Host Qatar, Ecuador eye positive start

Ranked a lowly 50th and 44th in the world respectively, Qatar and Ecuador will be hard-pressed to progress without winning at the Al Bayt Stadium, where the Middle East’s first World Cup will kick off. The more daunting prospects of African champion Senegal and perennial powerhouse the Netherlands await them next.
Qatar players go through the paces ahead of the opener
Qatar players go through the paces ahead of the opener

AL KHOR: World Cup debutant Qatar and South America’s lowest-qualifying nation Ecuador know that Sunday’s opener is their best chance for a win in Group A.

Ranked a lowly 50th and 44th in the world respectively, Qatar and Ecuador will be hard-pressed to progress without winning at the Al Bayt Stadium, where the Middle East’s first World Cup will kick off. The more daunting prospects of African champion Senegal and perennial powerhouse the Netherlands await them next.

Each, however, has reasons for quiet confidence. The Qatar squad had a long time to bond during the European camps, defeated Central American teams in recent friendlies and will draw self belief from its 2019 AFC Asian Cup title.

Though many outsiders expect Qatar to be drubbed in all three matches, home fans know that forwards Akram Afif and Almoez Ali have both talent and experience and pray that they can penetrate an Ecuador team that is struggling to score of late.

“Obviously, I am not talking about Qatar winning the World Cup. Competing at a good level against those three teams is our challenge,” said head coach Felix Sanchez. “Then, this is football and you never know what can happen.”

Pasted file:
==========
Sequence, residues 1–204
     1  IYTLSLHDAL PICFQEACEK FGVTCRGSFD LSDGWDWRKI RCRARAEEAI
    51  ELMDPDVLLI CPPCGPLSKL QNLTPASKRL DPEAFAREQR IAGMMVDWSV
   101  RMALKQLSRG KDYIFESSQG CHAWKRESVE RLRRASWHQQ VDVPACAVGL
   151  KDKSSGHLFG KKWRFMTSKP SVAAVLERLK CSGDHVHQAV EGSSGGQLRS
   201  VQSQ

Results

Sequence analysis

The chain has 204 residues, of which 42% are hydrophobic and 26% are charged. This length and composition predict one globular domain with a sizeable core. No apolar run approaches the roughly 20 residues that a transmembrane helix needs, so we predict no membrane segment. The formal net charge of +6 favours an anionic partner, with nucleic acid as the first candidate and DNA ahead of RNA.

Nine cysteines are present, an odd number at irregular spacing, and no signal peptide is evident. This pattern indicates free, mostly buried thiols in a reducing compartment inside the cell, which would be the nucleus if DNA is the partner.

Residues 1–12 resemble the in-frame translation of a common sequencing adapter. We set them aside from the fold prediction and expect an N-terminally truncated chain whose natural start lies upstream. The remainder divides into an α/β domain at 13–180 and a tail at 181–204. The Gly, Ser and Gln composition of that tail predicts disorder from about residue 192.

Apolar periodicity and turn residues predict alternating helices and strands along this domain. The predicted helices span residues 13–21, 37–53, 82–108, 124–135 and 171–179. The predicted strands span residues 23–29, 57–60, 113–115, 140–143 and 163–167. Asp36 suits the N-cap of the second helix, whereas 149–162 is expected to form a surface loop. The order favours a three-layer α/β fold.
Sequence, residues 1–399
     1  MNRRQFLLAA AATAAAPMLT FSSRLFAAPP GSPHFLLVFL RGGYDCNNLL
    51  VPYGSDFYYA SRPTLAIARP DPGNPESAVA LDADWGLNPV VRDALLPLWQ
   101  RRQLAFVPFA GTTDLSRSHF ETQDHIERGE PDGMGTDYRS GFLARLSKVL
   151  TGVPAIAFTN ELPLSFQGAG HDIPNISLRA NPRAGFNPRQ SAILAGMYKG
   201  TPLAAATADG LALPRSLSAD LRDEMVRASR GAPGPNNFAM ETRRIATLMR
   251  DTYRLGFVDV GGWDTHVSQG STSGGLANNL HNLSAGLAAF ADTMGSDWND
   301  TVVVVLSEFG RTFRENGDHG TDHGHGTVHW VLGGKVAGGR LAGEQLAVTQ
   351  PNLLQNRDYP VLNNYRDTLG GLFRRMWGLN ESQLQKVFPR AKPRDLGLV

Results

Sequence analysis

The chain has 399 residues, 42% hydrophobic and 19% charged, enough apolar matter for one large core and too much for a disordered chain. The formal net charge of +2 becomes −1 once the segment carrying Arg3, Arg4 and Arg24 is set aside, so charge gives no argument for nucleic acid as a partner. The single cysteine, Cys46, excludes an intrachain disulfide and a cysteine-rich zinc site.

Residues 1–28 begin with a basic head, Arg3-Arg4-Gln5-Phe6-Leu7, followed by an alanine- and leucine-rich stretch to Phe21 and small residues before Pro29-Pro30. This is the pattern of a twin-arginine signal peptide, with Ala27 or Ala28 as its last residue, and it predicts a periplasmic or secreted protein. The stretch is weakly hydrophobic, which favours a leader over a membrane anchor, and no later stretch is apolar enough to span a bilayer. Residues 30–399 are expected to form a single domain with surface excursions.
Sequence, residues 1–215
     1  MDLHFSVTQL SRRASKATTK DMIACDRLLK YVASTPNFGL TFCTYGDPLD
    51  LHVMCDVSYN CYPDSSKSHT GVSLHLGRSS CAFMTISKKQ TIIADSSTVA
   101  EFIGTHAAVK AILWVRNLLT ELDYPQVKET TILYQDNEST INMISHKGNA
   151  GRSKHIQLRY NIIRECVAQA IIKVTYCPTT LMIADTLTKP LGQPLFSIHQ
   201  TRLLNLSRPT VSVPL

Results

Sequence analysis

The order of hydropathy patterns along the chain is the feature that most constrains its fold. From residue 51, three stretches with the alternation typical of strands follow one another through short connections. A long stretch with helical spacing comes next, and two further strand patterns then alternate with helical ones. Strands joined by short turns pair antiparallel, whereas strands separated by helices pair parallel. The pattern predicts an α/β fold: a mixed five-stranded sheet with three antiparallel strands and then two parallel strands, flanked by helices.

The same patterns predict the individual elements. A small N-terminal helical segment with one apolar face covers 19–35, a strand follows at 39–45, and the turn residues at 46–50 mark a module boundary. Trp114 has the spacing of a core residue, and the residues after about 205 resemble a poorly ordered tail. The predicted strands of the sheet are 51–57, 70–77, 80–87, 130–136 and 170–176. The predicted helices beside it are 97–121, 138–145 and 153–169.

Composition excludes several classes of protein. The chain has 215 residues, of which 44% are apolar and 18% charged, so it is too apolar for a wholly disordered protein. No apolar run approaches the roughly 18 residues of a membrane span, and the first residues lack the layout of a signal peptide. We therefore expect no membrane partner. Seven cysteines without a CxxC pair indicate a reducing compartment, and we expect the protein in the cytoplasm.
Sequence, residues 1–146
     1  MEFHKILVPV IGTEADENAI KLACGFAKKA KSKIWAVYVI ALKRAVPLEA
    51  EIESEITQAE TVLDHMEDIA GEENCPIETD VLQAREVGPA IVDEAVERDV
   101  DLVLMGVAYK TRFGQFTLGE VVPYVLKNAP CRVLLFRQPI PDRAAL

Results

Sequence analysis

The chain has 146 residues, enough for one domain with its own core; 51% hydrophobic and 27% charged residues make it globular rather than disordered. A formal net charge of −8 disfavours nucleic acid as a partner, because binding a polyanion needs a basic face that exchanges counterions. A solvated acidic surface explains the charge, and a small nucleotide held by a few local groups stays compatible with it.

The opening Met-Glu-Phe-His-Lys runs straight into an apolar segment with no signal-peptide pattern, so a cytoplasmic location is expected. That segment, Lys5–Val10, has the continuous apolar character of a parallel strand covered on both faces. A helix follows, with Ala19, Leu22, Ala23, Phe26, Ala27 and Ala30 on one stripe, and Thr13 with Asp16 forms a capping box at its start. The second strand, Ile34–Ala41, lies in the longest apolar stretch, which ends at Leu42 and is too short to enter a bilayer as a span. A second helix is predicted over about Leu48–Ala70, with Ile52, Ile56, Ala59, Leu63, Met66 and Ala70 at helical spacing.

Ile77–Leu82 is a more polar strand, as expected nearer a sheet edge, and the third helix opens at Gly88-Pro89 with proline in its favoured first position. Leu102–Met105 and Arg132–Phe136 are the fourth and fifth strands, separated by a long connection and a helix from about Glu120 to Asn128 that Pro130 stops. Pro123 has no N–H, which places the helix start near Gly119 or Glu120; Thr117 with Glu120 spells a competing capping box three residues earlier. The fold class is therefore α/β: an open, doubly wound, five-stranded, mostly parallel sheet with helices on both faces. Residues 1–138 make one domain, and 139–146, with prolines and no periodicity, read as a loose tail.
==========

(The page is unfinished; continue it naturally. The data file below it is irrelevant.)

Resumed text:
Ecuador is rightly the favourite in the tournament opener, having made its way to the fourth and last spot from a tough South American qualifying campaign. The team boasts some more recognisable names than the Qataris, including Premier League midfielder Moises Caicedo and veteran striker Enner Valencia.

“Believe in us! We are working as hard as we can to give joy to the whole nation,” said Valencia. Both teams will seek to ignore the razzmatazz of the opening ceremony and the pressure of a vast global audience, with way more focus than normal on what would otherwise be a less-than-mouthwatering match.

Even if it loses, Qatar will want to at least avoid humiliation and prove that it is worthy of a place, given the torrent of criticism over FIFA’s awarding of the tournament to a nation that had never qualified before. Meanwhile, Ecuador will be relieved just to be walking out after it faced possible expulsion over an accusation of fielding an ineligible player.

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